The two trips were one to take Jet north to Canada to see some of the sights that John and I saw up there when Jet was in Europe, and the other is going to be to Seattle to stay with John's mom and explore a bit with her and revisit a lot o the amazing Asian restaurants we loved when we were there over Christmas. Jet insisted that we try new things, go to places that we didn't go on our trip so that we'd have a fresh perspective, too, and it worked out really well with John's ability to plan and research things.</div>
I'm going to give you the full photo album right up front, so you can see all the views (many have some information on the side and I think you can see the info by clicking on the picture and clicking on the circle with an "i" in the middle. I'll just pull out a few as I talk about why and what we got out of the places we visited.
All the reserved campgrounds were full, but there were a few campground in the park that were first-come-first serve, so we left Longmont Sunday afternoon, stopped in Rawlins for the night, and then headed into the park first thing in the morning. We arrived at about noon, and found a lovely spot in a half-full campground.
We got settled very quickly and walked around a little lake to the Vistors' Center, and got a good taste of just how many mosquitoes there were going to be. I was swarmed by them on the lovely little trail, they didn't seem to notice that I was covered in sunscreen and shouldn't have attracted them at all. At the Vistors' Center we hit the grocery store as well for the last things we wanted, including a package of Jiffy Pop; and we found out that there was a Ranger led hike at 4 pm. We didn't look long enough to find out how long it was, but we all wore plenty of mosquito repellent, had our good hiking boots on, hats, and I had John refill my quart sized water bottle before we left.
I was utterly surprised by this lake, not that far out from the visitor's center, which happened to be completely covered with wild water lilies. They kept the water both shaded and very still, so it was a perfect breeding ground for mosquitoes and all the things that eat them too, from frogs and toads to lots of fishes that eat the larvae, and then dozens of waterfowl and the animals that prey upon them as well.
There were a lot of various kinds of ducks, Canadian geese, swallows, and a good number of raptors, including osprey and bald eagles. And a whole flock of ducks were talking amongst themselves on the shore and they all stopped quacking at each other and all their heads swiveled when this guy appeared.
The fox was utterly unconcerned about us humans, and the ranger was not too happy about that, and even unhappier when it saw us and came closer, obviously looking for a handout. But when it was pretty clear we weren't going to be tossing anything its way, it turned and wandered toward the ducks. Eggs and duck are both tasty, but the whole flock tracked the fox's every movement and it was pretty clear that they were going to act in concert, so it took off along the trail, panting with the heat.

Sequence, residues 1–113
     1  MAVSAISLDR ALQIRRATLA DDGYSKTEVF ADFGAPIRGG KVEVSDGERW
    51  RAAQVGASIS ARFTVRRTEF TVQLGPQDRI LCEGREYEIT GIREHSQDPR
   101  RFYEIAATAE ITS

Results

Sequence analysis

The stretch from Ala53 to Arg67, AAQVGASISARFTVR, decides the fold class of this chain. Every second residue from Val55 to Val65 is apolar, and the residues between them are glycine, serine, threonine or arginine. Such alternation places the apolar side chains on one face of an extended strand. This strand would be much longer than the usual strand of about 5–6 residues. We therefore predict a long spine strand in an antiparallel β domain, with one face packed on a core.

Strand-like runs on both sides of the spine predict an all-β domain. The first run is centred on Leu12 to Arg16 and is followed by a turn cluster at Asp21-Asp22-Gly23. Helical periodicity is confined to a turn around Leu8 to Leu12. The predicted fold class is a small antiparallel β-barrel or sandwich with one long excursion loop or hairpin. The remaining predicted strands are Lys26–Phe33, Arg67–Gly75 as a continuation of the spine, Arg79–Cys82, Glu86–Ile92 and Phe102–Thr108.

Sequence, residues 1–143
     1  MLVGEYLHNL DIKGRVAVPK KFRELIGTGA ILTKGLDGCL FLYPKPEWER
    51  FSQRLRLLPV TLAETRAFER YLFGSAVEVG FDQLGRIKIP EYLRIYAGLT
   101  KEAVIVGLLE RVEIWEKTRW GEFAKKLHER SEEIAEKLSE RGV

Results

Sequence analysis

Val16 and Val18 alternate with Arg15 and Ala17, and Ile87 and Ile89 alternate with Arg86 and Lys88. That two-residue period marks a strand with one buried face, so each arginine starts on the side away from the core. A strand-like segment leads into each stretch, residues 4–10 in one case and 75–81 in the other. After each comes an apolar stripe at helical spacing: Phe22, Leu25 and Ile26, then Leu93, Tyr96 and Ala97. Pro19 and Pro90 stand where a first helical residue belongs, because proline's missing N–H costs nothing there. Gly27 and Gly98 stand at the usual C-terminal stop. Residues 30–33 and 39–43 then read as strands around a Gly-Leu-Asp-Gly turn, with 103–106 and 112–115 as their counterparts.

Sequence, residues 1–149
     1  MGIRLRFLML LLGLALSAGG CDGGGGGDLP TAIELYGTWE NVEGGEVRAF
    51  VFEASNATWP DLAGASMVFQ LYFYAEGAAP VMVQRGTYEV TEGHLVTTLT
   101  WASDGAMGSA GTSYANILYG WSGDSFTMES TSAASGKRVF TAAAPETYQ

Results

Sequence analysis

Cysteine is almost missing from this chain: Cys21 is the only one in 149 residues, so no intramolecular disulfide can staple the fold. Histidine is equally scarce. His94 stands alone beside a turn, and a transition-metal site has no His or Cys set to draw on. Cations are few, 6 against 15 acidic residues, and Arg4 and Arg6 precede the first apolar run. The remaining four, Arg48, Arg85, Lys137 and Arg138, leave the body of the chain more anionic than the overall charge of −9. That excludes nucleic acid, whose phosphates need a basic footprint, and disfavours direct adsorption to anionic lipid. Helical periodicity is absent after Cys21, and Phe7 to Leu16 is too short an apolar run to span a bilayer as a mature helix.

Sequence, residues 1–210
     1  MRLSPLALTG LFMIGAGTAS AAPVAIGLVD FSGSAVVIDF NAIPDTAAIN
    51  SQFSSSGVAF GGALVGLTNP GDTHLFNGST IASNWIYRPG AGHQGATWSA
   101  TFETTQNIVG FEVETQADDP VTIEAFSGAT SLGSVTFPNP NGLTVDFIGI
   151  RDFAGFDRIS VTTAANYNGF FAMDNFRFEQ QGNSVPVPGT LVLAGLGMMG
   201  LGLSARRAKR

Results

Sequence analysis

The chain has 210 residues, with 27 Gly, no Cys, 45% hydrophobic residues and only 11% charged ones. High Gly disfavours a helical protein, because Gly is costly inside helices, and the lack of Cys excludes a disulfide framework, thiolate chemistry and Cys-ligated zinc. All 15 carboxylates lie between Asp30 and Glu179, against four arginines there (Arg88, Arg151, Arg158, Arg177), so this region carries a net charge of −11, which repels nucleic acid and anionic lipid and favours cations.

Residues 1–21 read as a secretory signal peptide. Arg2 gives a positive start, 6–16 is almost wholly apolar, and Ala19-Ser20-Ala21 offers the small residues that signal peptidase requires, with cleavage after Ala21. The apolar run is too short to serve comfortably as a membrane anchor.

The next lake was called Swan Lake, and while the trumpeter swans weren't around, there were other heron, cormorants, and a few beaver dams that looks like nothing more than big piles of sticks along the shore. The beavers actually came out to take a look at us, a baby and a bigger one who watched both the baby and us pretty closely.
When we settled in our sleeping bags that night I realized we'd traveled the full arc from when we started getting rid of stuff to show the house and ended up with nothing more than what was in our van and on us. And it was enough to just be with my little family and just enough stuff for a few days living. It's been a long road, which had very little to do with our physical distance from home and everything with emotional and mental distances from our stuff owning us to where we had only what we needed. Admittedly, more than some people have, and with a wealth of reserves waiting in the wings, but... for a while it was nice to have things be very very simple.
When Jet was a child, we'd come through Yellowstone on the way home from Seattle, and a fire had gone through some of the southern part of the park, which we'd seen while exiting to the south. There were thousands of tiny seedling then, which are now grown up to good sized trees, much like Jet. Not the towering thicket of the mature trees, but well on their way. It was fun to see them be so big and think that they're about the same age that Jet is.
There was also a hike on the Yellowstone Canyon wall that we weren't able to do from Uncle Tom's Cabin last time because the entire area was closed for renovations. This time that area was wide open, so we went there, and hiked a good ways along the trail toward Artists' Point, but a good deal less than halfway there I decided I'd had enough, and it would be better to just head back to the car and drive to the point.
I do love painting what's there, but not in the position I'd like for it to be in the picture. *laughs* But the idea of trees clinging to the cliff edge is one that I love, and I want to plant more of those. Yes, there is a gradual build up of ideas that I want to set paint to paper or canvas. It's harder when I'm going through parks with the boys because we don't really stop, and I don't want to get eaten by mosquitoes.
Jet took one look and said, "Oh. That's why they call the park Yellowstone."
Yes. This is why.